What is gastroenteritis?
Gastroenteritis is an
upset stomach. It causes nausea and vomiting. You may also have diarrhea or a
fever. It is sometimes called "stomach flu," but it is not the flu. Germs like
viruses and bacteria can cause it.
You can catch it from someone
else who has it, or you can get it from food poisoning. Food poisoning can
happen if you eat foods that contain harmful germs. Germs can get into food
while the food is growing, during processing, or when it is prepared. You may
have become ill after eating meat or eggs that weren't cooked enough or by
eating other unsafe foods or drinking unsafe water.
probably begin to feel better in 1 or 2 days, but you might feel bad for a
week. In the meantime, get plenty of rest, and make sure you do not become
dehydrated. Dehydration occurs when your body loses too much fluid. This can
happen when you throw up a lot or have diarrhea.
What should you do at home?
- Drink plenty of fluids. Choose water and other caffeine-free
clear liquids until you feel better. If you have kidney, heart, or liver
disease and have to limit fluids, talk with your doctor before you increase how
much fluid you drink.
- Drink fluids slowly, in frequent, small amounts. Drinking too
much too fast can cause vomiting.
- Electrolytes should also be replaced, especially if vomiting or
diarrhea lasts longer than 24 hours. Electrolytes are minerals in your blood
that keep many systems in your body working smoothly. If you have a long period
of vomiting and diarrhea, you can lose minerals. Sports drinks, which contain a
mix of salt, sugar, and minerals, may help replace electrolytes.
- When you feel like eating, start with mild foods, such as dry
toast, yogurt, applesauce, bananas, and rice. Avoid spicy, hot, or high-fat
foods, and do not drink alcohol or caffeine for a day or two. Do not drink milk
or eat ice cream or other dairy foods until you are feeling better.
When should you call a doctor?
You can usually
take care of gastroenteritis at home.
- But call 911 or other emergency services immediately if:
- You have signs of severe dehydration. These include little
or no urine; sunken eyes, no tears, and a dry mouth and tongue; fast breathing
and heartbeat; feeling very dizzy or lightheaded; and not feeling or acting
- You think you may have food poisoning from a canned food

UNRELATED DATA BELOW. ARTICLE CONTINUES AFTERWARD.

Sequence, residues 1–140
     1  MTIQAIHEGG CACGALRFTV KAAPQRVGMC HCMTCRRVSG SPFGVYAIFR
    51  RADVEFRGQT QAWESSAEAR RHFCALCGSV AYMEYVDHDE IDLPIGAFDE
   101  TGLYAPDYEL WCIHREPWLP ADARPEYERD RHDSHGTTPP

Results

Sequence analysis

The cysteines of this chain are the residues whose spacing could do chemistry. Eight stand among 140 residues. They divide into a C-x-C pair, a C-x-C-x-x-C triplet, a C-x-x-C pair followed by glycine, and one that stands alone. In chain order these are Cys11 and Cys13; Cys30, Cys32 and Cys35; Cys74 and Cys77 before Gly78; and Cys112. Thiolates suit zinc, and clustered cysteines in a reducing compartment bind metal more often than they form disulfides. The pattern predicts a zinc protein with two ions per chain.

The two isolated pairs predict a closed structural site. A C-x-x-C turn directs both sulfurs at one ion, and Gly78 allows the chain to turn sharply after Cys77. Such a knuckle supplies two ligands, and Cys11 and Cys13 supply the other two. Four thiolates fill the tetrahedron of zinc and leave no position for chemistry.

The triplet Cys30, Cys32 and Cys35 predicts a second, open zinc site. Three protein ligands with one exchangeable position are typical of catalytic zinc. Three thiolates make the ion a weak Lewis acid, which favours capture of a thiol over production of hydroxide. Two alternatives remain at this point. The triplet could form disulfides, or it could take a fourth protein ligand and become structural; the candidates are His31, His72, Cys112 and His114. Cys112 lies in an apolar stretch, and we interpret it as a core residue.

and you have symptoms of botulism (blurred or double vision, trouble swallowing
or breathing, muscle weakness).
- Call your doctor immediately if:
- Severe diarrhea (large amounts of loose stool every 1 to 2
hours) lasts longer than 2 days in an adult.
- Vomiting lasts longer than 1 day in an adult.
- You are pregnant and believe that you have been exposed to
toxoplasmosis. For more information on toxoplasmosis,
see the topic
Toxoplasmosis During Pregnancy.
- You have sudden, severe belly pain.
stools are black and tarry or they have streaks of blood.
- Talk to your doctor if:
- You have symptoms of mild dehydration (dry mouth, dark
urine, not much urine) that get worse even with home treatment.
- You have a fever that lasts more than 1 or 2 days.
- You are not feeling better after 1 week of home
How can you prevent gastroenteritis?
thing you can do to keep from catching
gastroenteritis from someone else is to make a habit
of washing your hands often. This is especially important after you use the
bathroom, after you change a baby's diaper, and before you eat or prepare
Don't share personal items like forks and spoons,
toothbrushes, and towels. Try not to be around others who have stomach flu.
Keep your hands away from your nose, eyes, and mouth.
prevent food poisoning by taking steps to make sure your food is not
- Wash cutting boards and countertops often with hot, soapy
water. Consider using disinfectant sprays or wipes on your counters.
- Keep hot foods hot and cold foods cold.
- Do not eat meats, dressings, salads, or other foods that have
been kept at room temperature for more than 2 hours.
- Use a thermometer to check your refrigerator. It should be
between 34°F (1.1°C) and
- Defrost meats in the refrigerator or microwave, not on the
- Cook meat until it is well done.
- Do not eat raw eggs or uncooked sauces made with raw eggs.
- Do not take chances. If food looks or tastes spoiled, throw it
- Be extra careful when you travel. In some countries, you may
not want to drink water from the tap (including ice cubes) or eat any raw
- Food Poisoning and Safe Food Handling
Other Works Consulted
Goldberg MB (2006). Gastroenteritis section of Enteric infections due to Campylobacter, Salmonella, Shigella, Yersinia, Vibrio, and Helicobacter. In DC Dale, DD Federman, eds., ACP Medicine, section 7, chap. 9. New York: WebMD.
Gottlieb T, Heather CS (2011). Diarrhoea in adults (acute), search date January 2010. Online version of BMJ Clinical Evidence: http://www.clinicalevidence.com.